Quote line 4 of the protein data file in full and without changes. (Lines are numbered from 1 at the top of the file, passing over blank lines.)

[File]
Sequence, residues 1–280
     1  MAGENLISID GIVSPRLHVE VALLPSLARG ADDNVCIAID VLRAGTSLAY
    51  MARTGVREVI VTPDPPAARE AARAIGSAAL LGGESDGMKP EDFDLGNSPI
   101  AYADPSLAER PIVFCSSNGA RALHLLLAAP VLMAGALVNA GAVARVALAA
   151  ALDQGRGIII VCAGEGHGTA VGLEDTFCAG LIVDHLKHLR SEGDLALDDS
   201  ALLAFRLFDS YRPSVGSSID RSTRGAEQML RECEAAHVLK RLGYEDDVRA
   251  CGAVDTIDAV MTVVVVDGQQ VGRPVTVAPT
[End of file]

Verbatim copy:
   101  AYADPSLAER PIVFCSSNGA RALHLLLAAP VLMAGALVNA GAVARVALAA